It’s been a while since I posted anything on this blog. I’ve been so busy having a nice time that sitting at the keyboard has drifted down my list of priorities. Now I feel I should get back into a sensible routine, but I’m finding it hard to convince my inner child that it’s time to settle down and do some work. It feels like that first week back at primary school after the long break when you have to write “What I Did On My Holidays” by Kim A Howard aged 56 and a bit. I promise, I won’t give you a blow-by-blow account of what I’ve been doing, even though it’s been very exciting. I’ll just show you a few pictures, share a couple of highlights and promise to
do better try harder from now on.
Things started with the thrilling news that I had won a Twitter give-away. When my parcel arrived, I don’t know what made me more excited – getting a book (for free) by a debut writer or getting an envelope with an honest to goodness Chicken House label on the front! The book won. Circus Mirandus by Cassie Beasley is now tottering on the top of my To Be Read heap in the bedroom. The envelope went into the rubbish.
Winchester Writers Festival was the first big event. I spent two days as a student host, looking after an agent, an author and a digital whizz. On the third day I was a fully fledged delegate, working on plotting stories with the wonderful Sarah Mussi, and I really didn’t feel the day was long enough. It would have been great to have another hour or so to go into everything in a little more depth, but I’m not complaining. She was extraordinarily generous with the documentation she gave us and with her offers of support afterwards. There has been a flurry of tweets and emails over the last few weeks between those of us in her group – responding to them is another thing on my ever-growing ‘to do’ list.
In a quiet moment at the Festival I was browsing the internet and found this website. I spent quite a lot of that day showing this page to anyone who would take a look. On 30th July 1952, at 21.20, in a programme entitled Community Theatre, is a performance of The Deluge by the Southampton Student players. Run your eyes down the cast list and you will find Japhet, played by Patrick Garland (actor, writer, director of Chichester Festival Theatre, etc). Now look at the line underneath. His Wife is played by Margaret Mansbridge – that’s my mum! I can’t tell you how excited and proud seeing her name in print made me. The internet is wonderful at preserving old records like this for future generations.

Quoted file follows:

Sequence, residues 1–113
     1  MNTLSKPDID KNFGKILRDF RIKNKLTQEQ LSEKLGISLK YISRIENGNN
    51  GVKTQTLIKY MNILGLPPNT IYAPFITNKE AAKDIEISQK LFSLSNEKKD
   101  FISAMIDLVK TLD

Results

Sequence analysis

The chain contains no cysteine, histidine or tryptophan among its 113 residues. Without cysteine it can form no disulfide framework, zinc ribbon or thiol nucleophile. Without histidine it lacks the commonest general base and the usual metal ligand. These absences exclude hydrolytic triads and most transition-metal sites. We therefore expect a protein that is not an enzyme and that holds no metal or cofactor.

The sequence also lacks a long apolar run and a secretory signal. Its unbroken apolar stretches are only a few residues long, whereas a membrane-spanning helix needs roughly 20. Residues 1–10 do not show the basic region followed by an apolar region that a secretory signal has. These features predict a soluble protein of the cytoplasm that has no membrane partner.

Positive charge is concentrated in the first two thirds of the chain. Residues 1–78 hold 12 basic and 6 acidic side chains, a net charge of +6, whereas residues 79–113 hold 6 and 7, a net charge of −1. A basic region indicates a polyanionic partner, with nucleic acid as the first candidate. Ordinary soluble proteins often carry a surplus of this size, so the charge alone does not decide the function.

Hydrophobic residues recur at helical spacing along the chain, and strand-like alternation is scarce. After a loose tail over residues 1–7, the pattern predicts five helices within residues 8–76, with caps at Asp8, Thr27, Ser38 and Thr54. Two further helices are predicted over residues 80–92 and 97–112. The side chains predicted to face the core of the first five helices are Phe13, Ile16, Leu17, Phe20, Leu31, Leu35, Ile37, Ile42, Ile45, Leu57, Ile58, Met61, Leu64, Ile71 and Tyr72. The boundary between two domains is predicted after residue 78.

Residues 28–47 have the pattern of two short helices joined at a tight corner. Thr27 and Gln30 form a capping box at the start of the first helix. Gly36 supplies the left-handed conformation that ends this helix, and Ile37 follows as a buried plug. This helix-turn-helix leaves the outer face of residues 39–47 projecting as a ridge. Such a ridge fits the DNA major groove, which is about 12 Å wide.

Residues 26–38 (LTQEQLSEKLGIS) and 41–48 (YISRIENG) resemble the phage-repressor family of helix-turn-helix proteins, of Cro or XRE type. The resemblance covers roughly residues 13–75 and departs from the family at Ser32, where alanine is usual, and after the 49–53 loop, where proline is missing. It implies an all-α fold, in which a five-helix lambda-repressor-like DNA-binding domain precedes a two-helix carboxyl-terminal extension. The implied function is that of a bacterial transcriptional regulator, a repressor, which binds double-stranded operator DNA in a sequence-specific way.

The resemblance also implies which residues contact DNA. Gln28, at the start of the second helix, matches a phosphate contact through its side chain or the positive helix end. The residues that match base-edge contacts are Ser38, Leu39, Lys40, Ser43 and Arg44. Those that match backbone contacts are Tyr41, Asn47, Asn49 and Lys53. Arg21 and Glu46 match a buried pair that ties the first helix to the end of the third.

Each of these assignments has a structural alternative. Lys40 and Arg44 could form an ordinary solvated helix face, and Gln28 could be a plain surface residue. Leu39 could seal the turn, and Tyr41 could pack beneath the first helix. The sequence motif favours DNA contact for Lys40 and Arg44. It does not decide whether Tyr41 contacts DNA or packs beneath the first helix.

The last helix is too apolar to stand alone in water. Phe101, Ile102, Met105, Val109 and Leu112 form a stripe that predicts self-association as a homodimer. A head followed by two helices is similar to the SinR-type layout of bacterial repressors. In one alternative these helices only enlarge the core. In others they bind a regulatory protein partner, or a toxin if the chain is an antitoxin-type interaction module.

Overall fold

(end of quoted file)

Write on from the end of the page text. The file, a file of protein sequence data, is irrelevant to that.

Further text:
Next stop – New York City. Who knew you could fit so much into seven days? We saw two concerts, two Broadway shows, went on a half-day cruise, walked the Brooklyn Bridge, watched part of the Pride parade, visited the 9/11 memorial garden and museum, went to the top of One World Trade Centre, ate, drank, shopped… and, yes, I did come back to England with more books in my case than on the outward flight. We had an amazing time – it would take another post or two to tell of all the joyous happenings so I won’t say more here. Just let me know if you want details.
We flew back overnight, leaving NY on Thursday evening and arriving at Heathrow at 8.00 on Friday morning, so we were more than a little jet-lagged when the alarm went off at 7.00 on Saturday. We had a train to catch! We missed it by about 90 seconds and had to wait for the next one. It was quite pleasant just sitting on a bench on the platform for half an hour and gave us chance to build up our energy reserves for the day at Wimbledon. We had tickets for Centre Court and were nine rows from the back, up on the fifth floor – a long way from the nearest Pimms seller. We watched three brilliant matches and didn’t fall asleep once. I won’t give you a point-by-point account of the tennis – that’s what the iPlayer is for!.
Sunday was a day for laundry, lunch and lounging around on the sofa and it seemed like no time at all before we were back into the working week, added to which I went to two different crit groups on Tuesday evening with my current favourite work-in-progress.